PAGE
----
• X-ray fluorescence for elemental identification and quantification • Rheology for evaluating flow behavior of injection molding feedstocks and binders • X-ray diffraction for determining crystal structure, stress, and phase analysis of metals and alloys

www.malvernpanalytical.com/powder-metallurgy

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MKT-604_metal_AM_v3.indd 1

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Caroline Larsson received the 2018 Ulf Engström Award. From L-R: Hans Söderhjelm, Caroline Larsson, Fredrik Emilson and Ulf Engström (Courtesy Höganäs AB)

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SMS Group to supply main melting units for voestalpine special steel plant voestalpine reports that it has commissioned SMS Group, Düsseldorf, Germany, to supply the main melting units for its new special steel plant in Kapfenberg, Austria. Construction of the plant, which voestalpine states will be ‘the world’s most advanced special steel plant,’ began with an official groundbreaking ceremony in April 2018. The contract covers the provision of the plant’s electric arc furnace, converter and secondary metallurgical systems. SMS Group will be responsible for the engineering, process technology, and start-up of the fully automated melting system, which will begin production in 2021. Key partners for the subsequent process systems, such as the entire casting area, and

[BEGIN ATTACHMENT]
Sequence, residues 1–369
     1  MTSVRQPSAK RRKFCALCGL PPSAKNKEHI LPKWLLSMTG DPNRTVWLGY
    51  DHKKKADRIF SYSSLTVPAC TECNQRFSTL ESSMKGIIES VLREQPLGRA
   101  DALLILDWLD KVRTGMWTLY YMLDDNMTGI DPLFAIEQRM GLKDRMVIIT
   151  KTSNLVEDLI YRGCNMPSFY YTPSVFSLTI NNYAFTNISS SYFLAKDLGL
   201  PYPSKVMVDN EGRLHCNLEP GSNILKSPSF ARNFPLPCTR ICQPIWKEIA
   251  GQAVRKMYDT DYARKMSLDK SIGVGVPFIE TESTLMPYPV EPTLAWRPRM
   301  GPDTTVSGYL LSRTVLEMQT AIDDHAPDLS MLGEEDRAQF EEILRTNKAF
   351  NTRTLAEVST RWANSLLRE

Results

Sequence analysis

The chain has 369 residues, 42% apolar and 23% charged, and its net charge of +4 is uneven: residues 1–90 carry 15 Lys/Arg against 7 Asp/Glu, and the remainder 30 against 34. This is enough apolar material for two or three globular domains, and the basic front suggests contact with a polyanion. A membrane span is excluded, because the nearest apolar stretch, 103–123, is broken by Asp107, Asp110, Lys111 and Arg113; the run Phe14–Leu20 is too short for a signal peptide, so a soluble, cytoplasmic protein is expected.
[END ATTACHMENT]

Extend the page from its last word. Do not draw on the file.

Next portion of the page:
for the construction of the hall are expected to be commissioned in the next few months. voestalpine is set to invest up to €350 million in the new special steel plant, intended to replace the existing voestalpine Böhler Edelstahl GmbH & Co KG plant in Kapfenberg. Once operational, the plant will reportedly produce around 205,000 tons of highperformance steels annually for the international automotive, aviation, oil and gas industries. Franz Rotter, Member of the Management Board of voestalpine AG and Head of the High Performance Metals Division, stated, “Awarding the contract for the supply of the main melting units, which represent around one third of the total investment volume, lays the technological basis for the new special steel plant.

The SMS Group will contribute its comprehensive know-how to this project, both in the metallurgical systems and in the areas of digitalisation and automation.” In addition to the electric arc furnace, in which ultra-pure scrap and alloys are melted into liquid special steels at temperatures of up to 9,000°C, the SMS Group will also supply after-treatment systems. All systems will be powered by electricity from renewable sources. voestalpine stated that it expects the technology at the new plant to set new standards worldwide in terms of digitalisation, with a sensor and electronic system enabling the entire production process to be managed from a central control station. voestalpine Böhler Edelstahl and SMS Group will set up their own training centre for employees in Kapfenberg, where all production areas will be simulated virtually. www.voestalpine.com

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International Conference on Powder Metallurgy in Asia heads to India in 2019